“There are a terrible lot of lies going around the world, and the worst of it is half of them are true.” – Winston Churchill
These words were first spoken 70 years ago but they could be Churchill’s comment on the headline news today, especially in light of the United Kingdom’s controversial vote to leave the European Union.
The 21st century has ushered in an era of unlimited and instant communication. Everyone’s opinion can reach around the world. The internet does not discriminate — it passes on the same content to thousands of different audiences but often with a variety of interpretations.
In 1946, we had just emerged from the greatest war in our history. Respected statesmen sat down together and worked out their designs for a better world. Today, there are many people in England who think that it is a big mistake to leave the European Union. 70 years ago it was a dream shared by many great minds that you could have a United States of Europe, which they called The Common Market. Many changes have since been made, including an overhaul of the economic systems and the creation of a common currency, although England chose to retain the pound sterling.
I have spent the past seven decades as a global entrepreneur doing business in the markets of the world. My training and inclination led me to agree with two much respected but very different presidents. Both John F. Kennedy and Ronald Reagan were firm believers in the benefits of free trade. Both actively tried to reduce tariffs with the ultimate goal of eliminating them altogether. As an individual entrepreneur in the export/import business, and as an invited member of Reagan’s 1988 Presidential Trade Mission to Japan, I was a direct witness to the effects of opening up trade around the world. At the time, I felt that everyone involved had taken on a tough job in overcoming lifetime prejudices and raising the standard of living for all nations.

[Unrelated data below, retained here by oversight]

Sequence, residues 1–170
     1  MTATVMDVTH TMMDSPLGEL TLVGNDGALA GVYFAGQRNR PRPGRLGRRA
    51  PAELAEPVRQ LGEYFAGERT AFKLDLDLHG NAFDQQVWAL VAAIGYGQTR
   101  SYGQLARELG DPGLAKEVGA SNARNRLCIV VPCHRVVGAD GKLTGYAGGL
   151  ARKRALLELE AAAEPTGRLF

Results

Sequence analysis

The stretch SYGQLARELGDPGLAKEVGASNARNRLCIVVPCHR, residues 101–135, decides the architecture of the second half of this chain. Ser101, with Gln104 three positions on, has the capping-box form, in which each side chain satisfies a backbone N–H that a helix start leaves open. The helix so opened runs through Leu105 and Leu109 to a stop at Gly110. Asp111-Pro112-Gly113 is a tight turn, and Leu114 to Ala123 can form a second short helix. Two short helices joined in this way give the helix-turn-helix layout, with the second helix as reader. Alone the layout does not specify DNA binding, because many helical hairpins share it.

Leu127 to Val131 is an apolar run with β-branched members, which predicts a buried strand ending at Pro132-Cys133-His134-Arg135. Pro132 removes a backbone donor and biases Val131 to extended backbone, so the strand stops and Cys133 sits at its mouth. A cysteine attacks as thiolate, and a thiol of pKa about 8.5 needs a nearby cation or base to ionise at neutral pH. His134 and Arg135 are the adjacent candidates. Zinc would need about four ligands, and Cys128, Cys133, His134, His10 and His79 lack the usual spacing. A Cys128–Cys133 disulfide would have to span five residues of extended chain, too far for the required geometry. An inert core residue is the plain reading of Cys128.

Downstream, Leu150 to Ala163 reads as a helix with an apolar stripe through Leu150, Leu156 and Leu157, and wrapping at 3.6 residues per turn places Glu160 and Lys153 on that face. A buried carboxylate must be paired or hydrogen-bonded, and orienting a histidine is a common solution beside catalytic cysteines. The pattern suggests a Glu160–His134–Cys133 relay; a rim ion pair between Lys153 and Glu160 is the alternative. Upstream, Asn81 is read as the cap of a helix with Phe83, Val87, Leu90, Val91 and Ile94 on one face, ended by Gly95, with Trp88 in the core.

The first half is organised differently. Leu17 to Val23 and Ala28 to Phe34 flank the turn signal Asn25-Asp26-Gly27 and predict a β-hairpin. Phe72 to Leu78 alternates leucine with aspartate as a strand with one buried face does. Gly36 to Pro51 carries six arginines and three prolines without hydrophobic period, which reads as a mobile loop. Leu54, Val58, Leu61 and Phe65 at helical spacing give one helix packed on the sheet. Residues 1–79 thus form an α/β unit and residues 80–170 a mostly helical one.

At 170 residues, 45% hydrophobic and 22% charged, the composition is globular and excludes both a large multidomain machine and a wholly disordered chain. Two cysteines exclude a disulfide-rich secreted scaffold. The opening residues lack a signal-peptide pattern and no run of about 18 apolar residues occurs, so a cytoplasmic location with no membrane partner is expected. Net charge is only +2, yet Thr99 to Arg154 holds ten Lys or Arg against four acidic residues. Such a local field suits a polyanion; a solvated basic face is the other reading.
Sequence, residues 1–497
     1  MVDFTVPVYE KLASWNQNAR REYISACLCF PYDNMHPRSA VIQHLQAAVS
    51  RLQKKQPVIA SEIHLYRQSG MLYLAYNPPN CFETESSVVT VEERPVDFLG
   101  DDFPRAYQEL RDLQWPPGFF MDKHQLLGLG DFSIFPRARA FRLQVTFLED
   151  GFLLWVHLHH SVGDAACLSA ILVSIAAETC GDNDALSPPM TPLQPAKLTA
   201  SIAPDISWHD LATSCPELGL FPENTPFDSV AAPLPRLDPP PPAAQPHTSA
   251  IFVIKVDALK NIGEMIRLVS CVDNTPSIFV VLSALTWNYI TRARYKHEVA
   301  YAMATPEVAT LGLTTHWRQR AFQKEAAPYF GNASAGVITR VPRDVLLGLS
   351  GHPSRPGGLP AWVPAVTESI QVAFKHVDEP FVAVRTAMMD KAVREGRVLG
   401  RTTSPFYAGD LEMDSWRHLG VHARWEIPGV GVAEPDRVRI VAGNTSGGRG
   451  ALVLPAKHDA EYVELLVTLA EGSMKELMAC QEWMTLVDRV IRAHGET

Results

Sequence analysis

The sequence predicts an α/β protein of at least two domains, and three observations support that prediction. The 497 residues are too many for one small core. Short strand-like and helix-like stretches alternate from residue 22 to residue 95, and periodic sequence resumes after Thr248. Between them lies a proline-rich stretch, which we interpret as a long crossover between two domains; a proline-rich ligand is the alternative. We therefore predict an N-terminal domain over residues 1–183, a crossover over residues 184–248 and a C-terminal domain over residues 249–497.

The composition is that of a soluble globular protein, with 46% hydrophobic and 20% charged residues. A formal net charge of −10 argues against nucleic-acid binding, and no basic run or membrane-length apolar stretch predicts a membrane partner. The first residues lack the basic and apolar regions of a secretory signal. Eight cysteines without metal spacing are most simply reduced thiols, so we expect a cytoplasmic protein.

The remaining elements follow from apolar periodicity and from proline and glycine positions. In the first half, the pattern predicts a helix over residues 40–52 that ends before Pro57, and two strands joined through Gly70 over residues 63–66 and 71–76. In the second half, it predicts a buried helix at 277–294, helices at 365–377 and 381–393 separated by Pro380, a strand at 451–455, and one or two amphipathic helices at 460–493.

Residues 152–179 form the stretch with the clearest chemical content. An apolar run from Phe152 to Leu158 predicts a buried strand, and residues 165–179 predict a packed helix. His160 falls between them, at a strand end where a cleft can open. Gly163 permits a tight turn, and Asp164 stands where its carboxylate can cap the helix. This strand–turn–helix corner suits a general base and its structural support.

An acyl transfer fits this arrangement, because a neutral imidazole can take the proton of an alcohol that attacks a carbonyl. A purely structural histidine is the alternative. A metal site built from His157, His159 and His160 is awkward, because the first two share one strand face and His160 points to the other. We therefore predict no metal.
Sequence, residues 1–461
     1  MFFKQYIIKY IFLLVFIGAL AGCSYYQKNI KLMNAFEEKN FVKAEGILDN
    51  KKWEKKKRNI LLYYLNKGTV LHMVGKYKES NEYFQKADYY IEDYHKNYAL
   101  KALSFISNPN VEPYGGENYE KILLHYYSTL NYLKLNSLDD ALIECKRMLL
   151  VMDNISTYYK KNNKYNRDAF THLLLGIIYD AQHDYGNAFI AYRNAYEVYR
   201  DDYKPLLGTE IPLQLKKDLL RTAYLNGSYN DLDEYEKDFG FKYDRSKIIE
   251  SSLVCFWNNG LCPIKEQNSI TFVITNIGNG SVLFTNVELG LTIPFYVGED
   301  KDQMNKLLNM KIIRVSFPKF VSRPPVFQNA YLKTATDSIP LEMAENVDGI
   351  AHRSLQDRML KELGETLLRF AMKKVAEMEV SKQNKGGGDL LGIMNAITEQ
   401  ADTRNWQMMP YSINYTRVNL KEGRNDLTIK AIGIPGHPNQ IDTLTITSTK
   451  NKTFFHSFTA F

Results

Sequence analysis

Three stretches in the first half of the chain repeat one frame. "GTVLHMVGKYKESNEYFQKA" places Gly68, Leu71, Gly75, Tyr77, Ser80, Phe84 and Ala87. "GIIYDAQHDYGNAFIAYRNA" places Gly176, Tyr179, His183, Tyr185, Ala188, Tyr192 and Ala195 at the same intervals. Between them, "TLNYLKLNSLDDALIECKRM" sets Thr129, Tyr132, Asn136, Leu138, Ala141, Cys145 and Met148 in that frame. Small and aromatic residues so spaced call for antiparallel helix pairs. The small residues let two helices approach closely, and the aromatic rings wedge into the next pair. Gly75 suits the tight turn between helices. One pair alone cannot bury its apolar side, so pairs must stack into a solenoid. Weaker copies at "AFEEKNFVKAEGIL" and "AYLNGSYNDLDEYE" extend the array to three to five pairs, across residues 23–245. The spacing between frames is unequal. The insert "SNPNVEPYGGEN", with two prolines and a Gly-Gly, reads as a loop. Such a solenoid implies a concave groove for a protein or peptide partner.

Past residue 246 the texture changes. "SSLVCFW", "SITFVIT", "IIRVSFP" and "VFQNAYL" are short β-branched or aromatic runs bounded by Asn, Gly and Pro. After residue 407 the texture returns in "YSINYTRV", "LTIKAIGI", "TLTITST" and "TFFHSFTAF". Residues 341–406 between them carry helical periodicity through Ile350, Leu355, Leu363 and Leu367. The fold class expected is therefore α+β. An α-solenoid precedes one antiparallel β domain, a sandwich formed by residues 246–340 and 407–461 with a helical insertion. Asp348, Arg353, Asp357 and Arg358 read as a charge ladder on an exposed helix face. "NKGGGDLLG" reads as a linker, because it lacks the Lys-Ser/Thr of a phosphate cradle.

I saw firsthand the dramatic and positive effect the European Common Market had. There was an immediate easing of bureaucratic restrictions. The real business of building markets to the advantage of all concerned was immediately apparent and showed great promise for the future.
I have no clear idea about what the aftermath of Brexit will bring for the United Kingdom, but I do have a very strong feeling about what is best for the United States. Despite all our political disputes, our capitalistic democracy still maintains a high standard of living, even though it has been reduced in recent years. Above all, I know that every aspect of the American economy benefits from the active work of our entrepreneurs.